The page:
Advent One Sermon
“Born to Bear Witness to the Truth”
Today is the first day of the
church year. It is the
First Sunday of Advent. Advent
means coming. There are
three advents of Christ. His
first advent was when He was conceived by the Holy Spirit and born of
the Virgin Mary. His second advent will be when He returns to judge the living
and the dead. Christ also
comes to His church today wherever and whenever His gospel is purely
preached and His sacraments are rightly administered.
At Christ’s first advent, the shepherds learned to identify Him
by the sign that God gave to them through His angel.
They were to look in Bethlehem for a Baby wrapped in strips of
cloth and lying in manger. Had
they looked for a baby lying in a crib in an inn they would not have
found their Savior for they would have been looking in the wrong place.
They had to listen to God.
Being a faithful Christian is
not a matter of personal strength, intelligence, or even devotion.
Many fight valiantly in their spiritual struggles only to fail
again and again. Others are
blessed by God with amazing intelligence but they remain locked inside
of spiritual prisons of their own making from which they can find no
release. Still others
devote themselves, their time, their talents, and their treasures to a
regimen of religious devotion and prayer and yet find themselves bogged
down in one debilitating error after another.
No, being a faithful Christian is not a matter of personal
strength, intelligence, or devotion.
It is a matter of listening to the truth that God speaks.
Consider the crowd that praised
Jesus at His triumphal entry into Jerusalem. What did they cry out? “Hosanna
to the Son of David. Blessed
is He who comes in the name of the Lord.
Hosanna in the highest!” Why
did they see in Jesus their Savior?
They listened to the word of God.
Jesus was fulfilling the words of the Holy Scriptures.
He said and He did what the Bible, the word of God, said the
promised Savior would say and do. God
spoke through the prophets. Listening
to the prophets, they saw Jesus as their Savior from sin. God spoke through His Son.
Listening to Jesus, we also cry out, “Blessed is He who comes
in the name of the Lord. Hosanna,
hosanna, hosanna in the highest.”
Then the Lord Jesus comes to us and gives us to eat and to drink
of His body and blood as His words clearly teach us.
The reason we kneel down at the Altar and take into our bodies
the body and the blood of the Lord Jesus is not because we are strong,
smart, or devout. We are
weak, foolish, and prone to every error.
We are invited to eat and to drink Christ’s body and blood by
Him who speaks the truth. He
says concerning the sacramental bread and the wine, “This is my body,
which is given for you for the remission of sins, this is my blood,
which is shed for you for the remission of sins.”
He speaks the truth. Jesus
speaks the truth.
Pilate was no fool.
One did not ascend to such an important office in the government
by being stupid. He was an
intelligent and educated man. And
he wasn’t completely lacking in character. After all, he tried to save Jesus’ life.
He did his best to calm down the mob.
He publicly declared that Jesus was innocent.
When that did not persuade them, he had Jesus’ whipped in the
hope that seeing Him suffer would cause the bloodlust of the mob to
dissipate. Pilate did not
set out to do any harm to Jesus. He
only caved in to the demands of the crowd when he saw that he could not
persuade them. He must have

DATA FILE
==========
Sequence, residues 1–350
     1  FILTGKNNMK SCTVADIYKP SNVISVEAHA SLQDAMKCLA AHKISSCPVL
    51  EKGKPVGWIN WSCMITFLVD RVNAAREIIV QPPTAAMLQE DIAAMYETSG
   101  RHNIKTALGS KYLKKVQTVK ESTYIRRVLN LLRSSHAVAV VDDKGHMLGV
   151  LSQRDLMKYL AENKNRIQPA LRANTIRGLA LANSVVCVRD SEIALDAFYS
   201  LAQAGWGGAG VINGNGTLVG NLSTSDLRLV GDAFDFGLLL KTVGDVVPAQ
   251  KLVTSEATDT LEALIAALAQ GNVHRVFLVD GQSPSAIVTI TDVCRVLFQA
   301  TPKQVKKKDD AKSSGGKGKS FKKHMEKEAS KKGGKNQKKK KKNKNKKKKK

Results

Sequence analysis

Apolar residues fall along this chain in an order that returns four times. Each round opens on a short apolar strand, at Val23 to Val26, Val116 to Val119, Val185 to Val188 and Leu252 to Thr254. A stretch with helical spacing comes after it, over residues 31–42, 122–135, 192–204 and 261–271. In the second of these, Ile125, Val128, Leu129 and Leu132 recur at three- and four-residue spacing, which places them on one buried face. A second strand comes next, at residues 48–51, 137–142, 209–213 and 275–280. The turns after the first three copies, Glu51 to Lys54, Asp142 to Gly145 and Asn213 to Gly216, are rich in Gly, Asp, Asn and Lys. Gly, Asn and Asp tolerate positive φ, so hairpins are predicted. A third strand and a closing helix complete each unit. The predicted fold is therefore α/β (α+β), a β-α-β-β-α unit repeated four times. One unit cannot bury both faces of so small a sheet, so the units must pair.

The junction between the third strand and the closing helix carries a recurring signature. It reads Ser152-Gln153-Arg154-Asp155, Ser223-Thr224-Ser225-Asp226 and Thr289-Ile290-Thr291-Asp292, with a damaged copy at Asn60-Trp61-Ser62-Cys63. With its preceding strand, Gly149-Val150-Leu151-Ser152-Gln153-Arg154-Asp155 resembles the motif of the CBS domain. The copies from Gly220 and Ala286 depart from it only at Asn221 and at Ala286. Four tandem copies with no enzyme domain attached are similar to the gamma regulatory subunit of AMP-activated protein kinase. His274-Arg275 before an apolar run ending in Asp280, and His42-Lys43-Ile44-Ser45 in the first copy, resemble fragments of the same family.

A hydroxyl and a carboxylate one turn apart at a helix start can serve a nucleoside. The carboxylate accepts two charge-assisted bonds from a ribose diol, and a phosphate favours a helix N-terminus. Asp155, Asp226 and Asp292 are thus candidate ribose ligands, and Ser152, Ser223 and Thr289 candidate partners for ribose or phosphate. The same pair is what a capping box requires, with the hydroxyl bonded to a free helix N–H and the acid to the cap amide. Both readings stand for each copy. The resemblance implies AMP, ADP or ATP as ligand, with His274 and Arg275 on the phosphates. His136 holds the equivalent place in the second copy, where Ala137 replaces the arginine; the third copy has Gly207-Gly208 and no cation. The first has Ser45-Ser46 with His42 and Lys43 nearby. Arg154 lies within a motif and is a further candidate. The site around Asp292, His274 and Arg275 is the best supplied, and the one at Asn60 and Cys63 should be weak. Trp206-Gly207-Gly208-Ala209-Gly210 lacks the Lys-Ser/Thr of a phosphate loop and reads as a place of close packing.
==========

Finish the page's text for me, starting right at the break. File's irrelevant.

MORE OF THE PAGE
reasoned to himself that if Jesus refused to speak out in His own
defense he – Pilate – had no obligation to do so.
Why should Pilate care about this truth to which Jesus was
willing to testify and for which Jesus was willing to die?
In St. John’s Gospel – more
than in the other three Gospels combined – Jesus speaks of the truth.
In his prologue to the Gospel, St. John writes of the Word become
flesh, “We beheld His glory, the glory as of the only begotten of the
Father, full of grace and truth.” (John 1:14)
Jesus taught of true worship as worshipping the Father “in
spirit and in truth.” (John 4:23-24) Jesus told the Jews the same thing that He later told Pilate,
that He had come to bear witness to the truth.
He promised that His disciples who continued in His word would
know the truth. (John 8:32) He
called Himself the way, the truth, and the life. (John 14:6)
He referred to the Holy Spirit as the Spirit of truth (John
14:18; 15:26; 16:13). He
promised that this Spirit of truth would lead His disciples into all
truth. This is how we know
that the apostolic writings – what we commonly call the New Testament
– are God’s own truth. Jesus
promised it. When Jesus was offering up to His Father His so-called High
Priestly Prayer – interceding for His church on earth – He prayed,
“Sanctify them by Your truth. Your
word is truth.” (John 17:17)
Right after Jesus spoke the
final words of our text to Pontius Pilate, Pilate replied with the
famous and cynical question, “What is truth?”
This is what our generation
asks. But it does not
expect an answer. What is
truth? People don’t
believe that truth can be known. There
is my truth, your truth, his truth, and her truth, but the truth is not
objectively true. It is
only true if I make it true for me.
For about two hundred years the
western world was dominated by a way of thinking known as Rationalism.
Rationalists argued that what was not reasonable could not be
true. Rationalism rejected
the miraculous because miracles cannot be explained in a rational way.
Rationalism took over the minds of many opinion makers,
university professors, leading theologians, and political leaders
throughout the western world during the eighteenth, nineteenth, and
twentieth centuries. It did
a great deal of harm to the church, as preachers no longer taught
God’s people the holy and saving mysteries of the faith.
Rationalists rejected the Bible as God’s word because they
couldn’t figure out a reasonable explanation for the many miracles
taught in the Bible. Rationalists
had no use for the teaching of the Holy Trinity because they could not
understand how God could be three persons and yet only one God.
They denied also the teaching of the incarnation of the Son of
God. How could this man
Jesus who could hunger and thirst, suffer and die, be at the same time
the almighty God who created all things?
It wasn’t reasonable so the Rationalists denied it.
How could the suffering of Jesus on Calvary pacify God, take away
His anger against sinners, and bring to us all salvation?
It simply made no sense to Rationalists so they rejected it as
primitive and outdated. The
sacraments suffered the same fate.
How can water be joined to Christ’s blood that washes away all
How could the speaking of a man impart God’s forgiveness and